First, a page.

Early in the 15th century Germany was ripe for religious reform, as the country where, outside Italy, every abuse of the medieval Church was seen at its worst, in the ignorance and sensual lives of the clergy, the burdensome Papal exactions, and the shameful traffic in church-benefices. The air was full of explosive matter, and the spark came in the collision of Martin Luther and the Dominican friar John Tetzel. Luther, one of the supremely great men of history, a man of mighty intellect, "whose light was to flame as the beacon over long centuries and epochs of the world," a moral hero of the highest rank, was born in 1483, at Eisleben in Saxony, the son of poor mine-labourers. The incidents of his earlier manhood are well known: his turning to a religious life through the impression made when his friend fell dead by lightning at his feet; his education at the University of Erfurt; his three years' study, as an Augustine monk in the same town, of St. Paul and St. Augustine; his apprehension of the doctrine of "justification by faith." Ordained a priest in 1507, he became, two years later, a lecturer on the Scriptures at the new University of Wittenberg, founded by the Elector Frederick of Saxony, a wise prince and zealous Catholic. The originality of Luther's teaching was soon marked by his hearers, and his influence became widely spread through the distribution in Germany, France, and England of his printed sermons on " salvation by free grace." In 1511 he was sent to Rome on a mission by the authorities of his monastery, and he was greatly moved by the spectacle of Papal corruption at its fountain-head. He ceased to believe in Pope and priest according to the traditional views, and adopted the principle of individual responsibility. In 1516 Tetzel, engaged in selling indulgences, or remissions of the purgatorial punishment for sin, both past and future, appeared in Saxony, and advertised his traffic, as he went about from place to place, in a very shameless way, extolling his certificates above the Papal "bulls," which required repentance as a condition for pardon. The bait took largely with the ignorant and superstitious, and money flowed in freely to the coffers. Luther, now a Doctor of Theology in Wittenberg University, in October, 1517, nailed upon the door of the Castle Church his famous Thesis of 95 propositions, denying that the Pope had power to forgive sins. He also called on the Pope (Leo X.), in bold but respectful terms, to stop the sale of indulgences, and to reform corruptions in the Church. In his writings and discussions the Erfurt monk, in 1518 and 1519, overthrew all opponents in argument - Tetzel himself, Eck, and Cajetan, the Papal legate - displaying an ample store of humour, acuteness, vigour, reasoning, and Biblical learning. He quickly found supporters in many quarters, and the whole of Germany was aroused. Luther's chief fellow-labourer in the work of religious reform was the amiable, profoundly learned Philip Melanchthon (a Greek translation of his real surname Schwarzerd, "black earth"), a master of lucid exposition, who became, in 1518, Professor of Greek at Wittenberg. His moderation of character and expression usefully tempered the vehemence of Luther and his wisdom was of vast service to the cause. Luther had by this time fulfilled his threat of beating a hole in Tetzel's drum. In 1518 Leo at last taking the new movement seriously, ordered Luther to come to Rome and answer for his Wittenberg Thesis. He declined to appear, or to retract his utterances, and in 1520, irresistibly urged on by what lay within, he issued treatises attacking not only the abuses of the Papacy and its claims to supremacy, but also the doctrinal system of the Roman or Western Church. This audacious conduct brought. matters to a head between the reformer and the Pope. A "bull" was launched against Luther s writings and the reformer retorted by burning that document, along with the Papal canons and decrees, in December, 1520, before an assembled multitude of doctors and students of the university, and of citizens, at the Elster Gate of Wittenberg. He was then excommunicated, with all his supporters, and was followed, in this formal separation from the Roman Church, by many German nobles and learned men, and by the University of Wittenberg, which was crowded with students from all parts of Europe.

The Reformation had now fairly begun, and entered, in Germany, on what may be called its political phase, in which Luther's side was taken by many who cared little for theological views or for the justice of his cause. Mere desire to revolt from authority; self-interest, in release from payment of tribute to the Roman See; and a sordid eagerness for plundering the landed and other possessions of the Church, gave him allies in princes and nobles, as well as in patriots and in sincere seekers after truth. It was at this juncture that a new supporter of the Papal cause appeared on the scene in the person of the emperor Charles V., elected in 1519, in succession to his grandfather Maximilian. He was the most powerful monarch of his day or for seven preceding centuries, ruling dominions vaster than any seen under one sway since the days of Karl the Great. By his father Philip's death, he was master of the Netherlands. His grandfather Ferdinand's death in 1516 had given him Spain, southern Italy (Naples and Sicily), and Sardinia, and he had large territories in eastern and southern Germany. Born at Ghent in 1500, he was now 20 years of age. Without being a great man, he was a very able ruler, cool, subtle, prudent, energetic, an excellent judge of men to serve him in every capacity. He failed in the chief purpose of his life, the bringing back of all Germany, by policy or force, into allegiance to the Pope, and his ambition led him into constant and costly warfare. He could not but oppose the reforming movement, though he had no love for the Papacy as a secular power. A sincere Catholic, he was also king, in Spain, of the most bigoted race in Europe. As emperor, he was bound to support the Church, since the Empire and the Church had the same basis, and, on the theory of the " Holy Roman Empire," the secular ruler's chief duty was to maintain the spiritual ruler against every foe. In 1521 Charles presided at the famous Diet of Worms. Luther's books were at once ordered to be burned, and the great offender was summoned to appear before the emperor and princes. Modern European history shows no grander scene than that which ensued. With superhuman courage, Luther eagerly took the opportunity presented to him of confessing the truth before the assembled powers of Germany. True, he was armed with a safe-conduct from Charles, but he had before his eyes the case of Huss, burnt at Constance more than 100 years before, in spite of the safe-conduct from another emperor, the faithless Sigismund. The threats of foes were treated with disdain. The entreaties of friends, riding out from the city to meet him, in the hope of staying his steps in time, were met with the characteristic declaration from one who firmly believed in diabolical existence and power, "I am resolved to enter Worms although as many devils should set at me as there are tiles on the housetops." All Germany had been stirred by his heroism, and his progress to confront the Diet had resembled a triumph. He did enter Worms, and on the morrow, as he went to the hall of assembly, the people, crowding the windows and roofs, adjured him not to recant, with the solemn words, "Whosoever denieth Me before men - !" They had little need to dread the issue. He entered the hall. On the one side sat the world's pomp and power - the emperor, the princes, the Papal nuncio, dignitaries spiritual and temporal; on the other there stood up, in the cause of truth and freedom for the human spirit thenceforth and for ever so long as the world abides, one man, the poor miner's son. His speech, of two hours, was respectful, honest, and wise in tone. He admitted the presence of a large element of human infirmity in his writings. They were, he said, partly his own, partly derived from the Word of God. Not being allowed to defend his opinions in argument, he could not withdraw whatever stood on sound truth and the basis of the Scriptures. "Confute me," he cried in conclusion, "by proofs of Scripture, or else by plain just arguments: I cannot otherwise recant. For it is neither safe nor prudent to do aught against conscience. Here stand I: I can do no other. So help me God. Amen!" On his return from Worms he was seized, in mock indignation and real friendship, by the Elector of Saxony, and carried off, for safety from his foes, to the old castle of the Wartburg, where he abode for about a year, adding to his priceless services to mankind by the noble translation of the Bible which not only aided the cause of the Reformation but enriched German literature. We need not pursue his story much further. He threw aside monasticism in 1524, and in the following year began a happier period of his life by marrying Katharina von Bora, one of nine nuns who, under the influence of his teaching, had renounced their vows. Many of the monasteries in Germany were soon deserted and the priests in Saxony took wives. The edict of Worms prohibited all new doctrines, after Luther had been placed under the ban of the empire, but nothing could now stay the progress of the Reformation.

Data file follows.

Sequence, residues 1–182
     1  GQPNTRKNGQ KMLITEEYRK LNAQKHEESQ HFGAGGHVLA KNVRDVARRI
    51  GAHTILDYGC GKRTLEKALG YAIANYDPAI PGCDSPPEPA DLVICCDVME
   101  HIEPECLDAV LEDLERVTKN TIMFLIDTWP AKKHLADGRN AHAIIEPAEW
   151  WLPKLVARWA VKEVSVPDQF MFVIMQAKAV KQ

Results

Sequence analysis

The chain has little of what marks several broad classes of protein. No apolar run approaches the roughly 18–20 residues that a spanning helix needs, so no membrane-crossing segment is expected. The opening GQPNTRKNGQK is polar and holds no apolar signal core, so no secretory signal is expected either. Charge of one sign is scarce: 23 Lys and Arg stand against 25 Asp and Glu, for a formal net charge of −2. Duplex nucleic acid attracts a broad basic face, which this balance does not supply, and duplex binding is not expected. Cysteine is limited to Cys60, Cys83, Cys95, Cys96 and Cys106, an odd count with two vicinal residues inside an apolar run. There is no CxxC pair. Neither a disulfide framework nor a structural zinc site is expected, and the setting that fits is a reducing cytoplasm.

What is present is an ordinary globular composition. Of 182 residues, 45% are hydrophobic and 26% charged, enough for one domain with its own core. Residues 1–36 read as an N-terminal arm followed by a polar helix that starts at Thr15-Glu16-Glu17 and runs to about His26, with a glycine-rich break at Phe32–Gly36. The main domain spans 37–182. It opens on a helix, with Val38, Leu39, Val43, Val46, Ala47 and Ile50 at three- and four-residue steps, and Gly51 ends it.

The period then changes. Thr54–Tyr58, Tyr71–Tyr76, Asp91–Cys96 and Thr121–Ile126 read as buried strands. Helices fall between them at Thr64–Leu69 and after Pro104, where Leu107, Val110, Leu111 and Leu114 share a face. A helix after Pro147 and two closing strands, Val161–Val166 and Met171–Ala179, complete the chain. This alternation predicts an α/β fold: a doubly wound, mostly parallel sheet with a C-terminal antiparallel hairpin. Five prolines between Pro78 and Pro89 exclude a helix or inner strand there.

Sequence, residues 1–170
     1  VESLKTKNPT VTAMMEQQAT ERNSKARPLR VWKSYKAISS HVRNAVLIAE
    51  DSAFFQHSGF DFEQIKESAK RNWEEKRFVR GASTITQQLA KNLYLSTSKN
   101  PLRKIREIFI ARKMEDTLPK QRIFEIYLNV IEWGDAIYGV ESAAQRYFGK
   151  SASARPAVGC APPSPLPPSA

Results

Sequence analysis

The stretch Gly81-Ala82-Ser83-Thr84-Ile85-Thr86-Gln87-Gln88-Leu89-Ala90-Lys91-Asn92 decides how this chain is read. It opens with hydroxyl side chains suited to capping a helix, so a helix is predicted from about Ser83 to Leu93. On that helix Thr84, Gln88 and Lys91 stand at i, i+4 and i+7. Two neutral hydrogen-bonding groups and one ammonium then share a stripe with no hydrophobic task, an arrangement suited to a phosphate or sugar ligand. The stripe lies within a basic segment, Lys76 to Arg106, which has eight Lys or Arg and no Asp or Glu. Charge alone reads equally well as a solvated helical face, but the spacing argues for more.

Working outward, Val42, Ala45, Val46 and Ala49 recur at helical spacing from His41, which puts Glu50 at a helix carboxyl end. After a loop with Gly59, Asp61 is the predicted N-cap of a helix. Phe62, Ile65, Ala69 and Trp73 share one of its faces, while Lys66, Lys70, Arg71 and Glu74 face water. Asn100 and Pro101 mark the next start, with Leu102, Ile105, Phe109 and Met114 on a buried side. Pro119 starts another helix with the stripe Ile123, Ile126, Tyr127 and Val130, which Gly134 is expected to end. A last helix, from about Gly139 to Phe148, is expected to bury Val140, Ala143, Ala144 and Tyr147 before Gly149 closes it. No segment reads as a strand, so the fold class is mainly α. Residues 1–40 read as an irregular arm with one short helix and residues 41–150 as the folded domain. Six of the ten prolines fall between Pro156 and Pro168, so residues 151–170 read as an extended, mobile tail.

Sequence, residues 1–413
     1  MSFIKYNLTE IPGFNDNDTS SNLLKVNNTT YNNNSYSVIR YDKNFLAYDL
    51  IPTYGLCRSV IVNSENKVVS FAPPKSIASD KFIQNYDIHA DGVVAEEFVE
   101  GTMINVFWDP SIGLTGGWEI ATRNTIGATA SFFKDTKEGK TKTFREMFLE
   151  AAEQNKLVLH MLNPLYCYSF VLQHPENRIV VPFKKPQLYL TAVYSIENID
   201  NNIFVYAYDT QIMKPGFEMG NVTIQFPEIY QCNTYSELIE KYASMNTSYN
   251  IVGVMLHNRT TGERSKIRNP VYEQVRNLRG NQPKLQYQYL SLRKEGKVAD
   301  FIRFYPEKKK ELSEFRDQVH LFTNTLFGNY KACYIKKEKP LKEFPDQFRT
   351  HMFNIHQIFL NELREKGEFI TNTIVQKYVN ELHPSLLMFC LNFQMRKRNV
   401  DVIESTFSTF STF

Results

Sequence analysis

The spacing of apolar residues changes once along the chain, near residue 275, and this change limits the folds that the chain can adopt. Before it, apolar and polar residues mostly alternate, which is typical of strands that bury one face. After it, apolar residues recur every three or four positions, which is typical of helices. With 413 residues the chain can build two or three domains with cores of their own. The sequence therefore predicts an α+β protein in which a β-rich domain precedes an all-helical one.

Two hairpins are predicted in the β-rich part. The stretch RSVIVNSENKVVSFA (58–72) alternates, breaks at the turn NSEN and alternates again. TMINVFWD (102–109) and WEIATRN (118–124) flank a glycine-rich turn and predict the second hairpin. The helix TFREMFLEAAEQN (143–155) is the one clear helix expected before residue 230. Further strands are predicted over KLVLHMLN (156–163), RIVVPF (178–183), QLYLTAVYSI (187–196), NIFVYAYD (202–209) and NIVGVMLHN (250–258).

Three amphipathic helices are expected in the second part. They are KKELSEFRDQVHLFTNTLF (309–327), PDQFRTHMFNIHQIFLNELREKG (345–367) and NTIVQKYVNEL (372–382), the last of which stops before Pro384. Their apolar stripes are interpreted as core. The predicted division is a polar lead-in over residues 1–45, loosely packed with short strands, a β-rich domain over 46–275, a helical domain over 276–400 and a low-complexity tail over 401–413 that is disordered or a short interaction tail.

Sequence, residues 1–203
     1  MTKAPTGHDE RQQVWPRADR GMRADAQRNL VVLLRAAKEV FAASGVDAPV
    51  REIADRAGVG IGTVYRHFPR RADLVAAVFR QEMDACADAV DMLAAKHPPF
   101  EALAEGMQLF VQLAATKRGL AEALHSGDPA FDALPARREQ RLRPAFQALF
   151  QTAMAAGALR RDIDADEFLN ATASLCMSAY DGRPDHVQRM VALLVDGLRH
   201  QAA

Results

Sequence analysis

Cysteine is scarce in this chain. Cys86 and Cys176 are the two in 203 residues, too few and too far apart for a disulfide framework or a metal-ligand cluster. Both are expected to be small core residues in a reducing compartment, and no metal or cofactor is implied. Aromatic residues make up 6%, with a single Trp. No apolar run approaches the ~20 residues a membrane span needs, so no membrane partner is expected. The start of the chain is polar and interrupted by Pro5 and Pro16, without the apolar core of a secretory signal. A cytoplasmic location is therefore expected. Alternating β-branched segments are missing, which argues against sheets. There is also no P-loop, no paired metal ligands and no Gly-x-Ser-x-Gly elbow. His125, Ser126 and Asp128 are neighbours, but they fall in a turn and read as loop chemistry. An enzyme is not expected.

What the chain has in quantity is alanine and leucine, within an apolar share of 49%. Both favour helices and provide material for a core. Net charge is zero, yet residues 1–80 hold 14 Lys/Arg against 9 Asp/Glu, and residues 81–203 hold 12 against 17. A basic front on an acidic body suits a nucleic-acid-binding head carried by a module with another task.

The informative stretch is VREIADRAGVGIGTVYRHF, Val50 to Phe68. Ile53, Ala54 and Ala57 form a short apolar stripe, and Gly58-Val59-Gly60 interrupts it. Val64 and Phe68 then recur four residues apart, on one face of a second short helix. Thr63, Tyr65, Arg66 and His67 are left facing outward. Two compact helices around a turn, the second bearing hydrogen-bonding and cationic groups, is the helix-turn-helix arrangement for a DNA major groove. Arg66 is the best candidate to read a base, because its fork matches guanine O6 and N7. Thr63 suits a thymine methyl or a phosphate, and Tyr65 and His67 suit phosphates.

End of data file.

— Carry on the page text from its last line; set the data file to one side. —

In 1525 the elector of Saxony, Philip, count of Hesse, and Albert of Brandenburg, duke of Prussia, publicly became "Lutherans," and the new form of religion, with a German liturgy and communion in both kinds, was adopted in many cities and states. The emperor, engaged in war with Francis I. of France, was obliged to let religious affairs drift in Germany, or leave them to his brother Ferdinand, who had been made governor of the Hapsburg lands In 1526 an enactment of the Diet at Speier was favourable to the reformers, but in 1529, when the emperor had triumphed over Francis, Ferdinand and the Catholic party, in a second Speier Diet, decreed the strict execution of the edict of Worms. The protest made by the "evangelicals" or reforming party at the Diet gave rise to the name "Protestants." In 1530, at the Diet of Augsburg, the Protestant faith was presented in the Confession of Augsburg, drawn up by Melanchthon, but the Diet decreed that an end should be made of all religious innovations. The Protestants, on the rejection of what became the chief standard of faith among the Lutheran Churches of the Teutonic nations, and the threat of the "ban of the empire" for all who should disobey the decree, formed the alliance for mutual defence known as the Schmalkaldic League, agreed on by nine Lutheran princes at Schmalkalden in Hesse-Nassau, in April, 1531. Eleven imperial cities joined the League. Civil war was avoided for a time because the emperor, whose German dominions were in danger from the Turks, could obtain no help from the Lutheran princes except on condition of his withdrawing the decree of Augsburg. He accordingly arranged, in 1532, the Religious Peace of Niirnberg (Nuremberg), revoking the obnoxious edict and conceding full freedom of worship to the Lutherans until the meeting of a new Diet or of a General Council of the Church. This closing of the ranks in Germany caused the immediate retreat of the Moslem forces. Charles was, however, resolved to put down heresy in Germany, if he could, and was only biding his time until his foes Francis I. and the Turks were finally disposed of.